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President Obama can't even organize a proper whitewash
Independent voices from the The Washington Times Communities
Topic - Jeremy Hammond
An unrepentant self-described "hacktivist" was sentenced Friday to 10 years in prison for illegally accessing computer systems of law enforcement agencies and government contractors.
It's official: The love affair between hackers and feds is over, thanks to revelations about National Security Agency snooping and what many see as overly harsh or misdirected prosecutions of "hacktivists."
A hacker who pleaded guilty Tuesday to illegally accessing the computers of private sector intelligence company Stratfor could face up to 10 years in prison.
A New York judge has refused to grant bail to a Chicago man charged in a conspiracy to hack into corporations and government agencies worldwide.
A Chicago man facing computer hacking charges in a federal investigation targeting the worldwide group Anonymous is entertaining himself behind bars the old fashioned way: by reading books.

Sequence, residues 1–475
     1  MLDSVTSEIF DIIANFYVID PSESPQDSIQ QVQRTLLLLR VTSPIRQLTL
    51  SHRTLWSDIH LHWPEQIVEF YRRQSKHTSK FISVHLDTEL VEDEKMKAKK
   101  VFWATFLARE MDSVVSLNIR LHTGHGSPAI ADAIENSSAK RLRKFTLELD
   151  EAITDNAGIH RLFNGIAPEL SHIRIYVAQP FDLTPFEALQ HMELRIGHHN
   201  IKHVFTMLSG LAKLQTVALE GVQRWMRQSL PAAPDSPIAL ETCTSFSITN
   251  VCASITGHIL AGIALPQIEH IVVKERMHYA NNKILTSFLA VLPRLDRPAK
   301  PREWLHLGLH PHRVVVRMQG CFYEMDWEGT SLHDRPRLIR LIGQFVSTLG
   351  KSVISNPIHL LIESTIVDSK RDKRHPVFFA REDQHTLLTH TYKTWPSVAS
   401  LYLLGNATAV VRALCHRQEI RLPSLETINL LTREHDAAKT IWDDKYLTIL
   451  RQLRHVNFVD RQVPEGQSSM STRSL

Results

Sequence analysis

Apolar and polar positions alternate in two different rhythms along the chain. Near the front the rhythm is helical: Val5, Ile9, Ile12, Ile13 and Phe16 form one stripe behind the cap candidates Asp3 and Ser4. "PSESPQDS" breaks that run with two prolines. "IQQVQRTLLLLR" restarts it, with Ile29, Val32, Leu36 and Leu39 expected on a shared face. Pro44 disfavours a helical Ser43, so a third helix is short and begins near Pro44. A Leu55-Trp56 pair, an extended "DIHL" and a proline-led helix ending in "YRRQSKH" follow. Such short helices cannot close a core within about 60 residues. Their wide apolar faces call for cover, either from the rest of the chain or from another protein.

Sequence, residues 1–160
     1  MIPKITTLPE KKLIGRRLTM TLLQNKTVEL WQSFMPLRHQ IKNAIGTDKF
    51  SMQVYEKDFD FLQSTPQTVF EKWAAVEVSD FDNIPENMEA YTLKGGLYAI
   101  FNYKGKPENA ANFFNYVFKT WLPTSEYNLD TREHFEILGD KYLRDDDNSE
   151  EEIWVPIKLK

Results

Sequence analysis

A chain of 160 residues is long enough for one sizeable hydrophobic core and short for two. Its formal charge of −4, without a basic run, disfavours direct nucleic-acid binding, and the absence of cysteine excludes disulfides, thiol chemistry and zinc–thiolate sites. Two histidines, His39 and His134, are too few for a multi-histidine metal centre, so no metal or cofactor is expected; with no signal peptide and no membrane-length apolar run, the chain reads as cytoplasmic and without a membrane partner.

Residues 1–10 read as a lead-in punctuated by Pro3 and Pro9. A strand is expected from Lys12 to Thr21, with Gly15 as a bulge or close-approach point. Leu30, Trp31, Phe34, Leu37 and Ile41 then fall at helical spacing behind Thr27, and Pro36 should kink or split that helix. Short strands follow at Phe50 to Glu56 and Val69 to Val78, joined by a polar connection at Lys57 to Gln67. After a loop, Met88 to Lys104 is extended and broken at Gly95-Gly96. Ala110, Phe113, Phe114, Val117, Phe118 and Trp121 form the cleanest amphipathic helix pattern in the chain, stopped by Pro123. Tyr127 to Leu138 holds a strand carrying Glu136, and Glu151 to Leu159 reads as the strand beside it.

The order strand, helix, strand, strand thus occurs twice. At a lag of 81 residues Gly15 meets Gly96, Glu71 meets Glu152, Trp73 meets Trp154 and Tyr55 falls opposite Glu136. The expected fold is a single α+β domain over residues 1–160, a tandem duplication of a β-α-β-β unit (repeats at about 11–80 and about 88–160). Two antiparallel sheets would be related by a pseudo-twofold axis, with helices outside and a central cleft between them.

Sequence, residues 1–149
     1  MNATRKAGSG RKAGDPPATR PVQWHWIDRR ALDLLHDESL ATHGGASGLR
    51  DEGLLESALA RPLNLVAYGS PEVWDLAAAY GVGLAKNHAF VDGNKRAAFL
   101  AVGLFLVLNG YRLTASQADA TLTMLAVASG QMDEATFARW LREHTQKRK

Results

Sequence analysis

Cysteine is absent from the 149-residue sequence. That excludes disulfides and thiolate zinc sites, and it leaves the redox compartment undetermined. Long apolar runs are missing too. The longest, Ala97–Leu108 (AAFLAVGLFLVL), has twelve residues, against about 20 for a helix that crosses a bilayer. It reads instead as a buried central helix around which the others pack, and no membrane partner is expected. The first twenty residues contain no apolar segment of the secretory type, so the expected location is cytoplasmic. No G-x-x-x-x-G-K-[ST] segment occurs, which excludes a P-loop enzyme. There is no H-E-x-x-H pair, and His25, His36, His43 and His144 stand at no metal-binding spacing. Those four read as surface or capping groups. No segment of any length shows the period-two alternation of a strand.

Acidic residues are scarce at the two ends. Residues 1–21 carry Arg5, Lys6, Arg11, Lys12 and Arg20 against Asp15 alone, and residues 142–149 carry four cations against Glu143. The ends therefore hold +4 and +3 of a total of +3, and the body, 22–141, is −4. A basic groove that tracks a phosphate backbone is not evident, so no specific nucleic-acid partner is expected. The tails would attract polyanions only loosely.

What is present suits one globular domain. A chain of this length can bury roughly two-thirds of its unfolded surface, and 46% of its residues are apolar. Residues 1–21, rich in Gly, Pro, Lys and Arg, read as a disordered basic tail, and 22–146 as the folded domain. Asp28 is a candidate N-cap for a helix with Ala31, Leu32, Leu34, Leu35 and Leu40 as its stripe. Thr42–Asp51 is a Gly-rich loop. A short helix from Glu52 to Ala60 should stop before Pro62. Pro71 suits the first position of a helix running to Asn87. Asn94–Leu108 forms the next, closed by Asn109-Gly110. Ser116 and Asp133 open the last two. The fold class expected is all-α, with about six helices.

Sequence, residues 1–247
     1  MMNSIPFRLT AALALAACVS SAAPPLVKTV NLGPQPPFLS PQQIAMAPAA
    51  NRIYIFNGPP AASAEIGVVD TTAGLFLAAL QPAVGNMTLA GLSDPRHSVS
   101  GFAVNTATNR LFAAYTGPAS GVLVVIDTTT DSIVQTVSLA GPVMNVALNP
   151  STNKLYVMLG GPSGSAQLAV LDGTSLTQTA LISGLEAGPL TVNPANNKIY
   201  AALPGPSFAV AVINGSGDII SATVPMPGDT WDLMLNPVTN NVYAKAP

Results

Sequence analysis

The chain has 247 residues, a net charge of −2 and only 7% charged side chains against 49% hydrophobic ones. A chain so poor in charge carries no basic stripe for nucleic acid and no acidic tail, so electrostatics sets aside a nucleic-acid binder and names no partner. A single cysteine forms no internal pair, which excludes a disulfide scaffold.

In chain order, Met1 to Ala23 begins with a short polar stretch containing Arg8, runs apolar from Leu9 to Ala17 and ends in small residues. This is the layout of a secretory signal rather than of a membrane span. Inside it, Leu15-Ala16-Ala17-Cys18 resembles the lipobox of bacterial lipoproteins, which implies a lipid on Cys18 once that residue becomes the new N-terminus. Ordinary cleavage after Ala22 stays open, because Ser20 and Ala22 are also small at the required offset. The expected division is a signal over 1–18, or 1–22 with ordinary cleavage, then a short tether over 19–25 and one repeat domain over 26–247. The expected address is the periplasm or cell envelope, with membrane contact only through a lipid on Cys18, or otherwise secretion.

The name of a Chicago man already charged in a computer hacking case aimed at taking out key players in the worldwide group Anonymous was added to an indictment Wednesday, boosting the accusations against him by including him in much of the wider conspiracy to hack into corporations and government agencies worldwide.
Online, he was the elite, combustible hacker known as Sabu. But at home, Hector Xavier Monsegur seemed like the white sheep of a troubled family.
An Internet outlaw's decision to go to work for the FBI poured light on a secretive world where young computer experts caused havoc and where authorities say a Chicago man and others celebrated their successes as they stole hundreds of thousands of dollars with stolen credit card numbers.
The shadowy underworld of Internet hackers was rocked by news Tuesday that one of the world's most-wanted and most-feared computer vandals has been an FBI informant for months and helped authorities build a case against five alleged comrades.
The shadowy underworld of Internet hackers was rocked Tuesday by news that one of the world's most-wanted and most-feared computer vandals has been an FBI informant for months and helped authorities build a case against five people they say were comrades.
"I'm hoping for bankruptcy, collapse," he said.
He told the newspaper he hacked to promote causes but never for profit.